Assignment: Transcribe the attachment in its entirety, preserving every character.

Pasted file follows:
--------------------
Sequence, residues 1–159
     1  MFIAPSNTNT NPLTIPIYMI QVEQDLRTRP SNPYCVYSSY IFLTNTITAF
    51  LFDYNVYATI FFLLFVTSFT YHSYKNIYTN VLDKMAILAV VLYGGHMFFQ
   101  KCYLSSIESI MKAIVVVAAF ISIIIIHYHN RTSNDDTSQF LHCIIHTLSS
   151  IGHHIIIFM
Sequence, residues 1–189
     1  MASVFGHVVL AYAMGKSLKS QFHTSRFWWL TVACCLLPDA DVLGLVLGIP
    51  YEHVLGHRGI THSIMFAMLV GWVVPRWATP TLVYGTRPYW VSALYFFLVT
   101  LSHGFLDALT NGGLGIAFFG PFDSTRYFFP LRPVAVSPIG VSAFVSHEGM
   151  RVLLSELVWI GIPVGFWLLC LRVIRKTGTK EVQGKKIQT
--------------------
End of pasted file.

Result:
Sequence, residues 1–159
     1  MFIAPSNTNT NPLTIPIYMI QVEQDLRTRP SNPYCVYSSY IFLTNTITAF
    51  LFDYNVYATI FFLLFVTSFT YHSYKNIYTN VLDKMAILAV VLYGGHMFFQ
   101  KCYLSSIESI MKAIVVVAAF ISIIIIHYHN RTSNDDTSQF LHCIIHTLSS
   151  IGHHIIIFM
Sequence, residues 1–189
     1  MASVFGHVVL AYAMGKSLKS QFHTSRFWWL TVACCLLPDA DVLGLVLGIP
    51  YEHVLGHRGI THSIMFAMLV GWVVPRWATP TLVYGTRPYW VSALYFFLVT
   101  LSHGFLDALT NGGLGIAFFG PFDSTRYFFP LRPVAVSPIG VSAFVSHEGM
   151  RVLLSELVWI GIPVGFWLLC LRVIRKTGTK EVQGKKIQT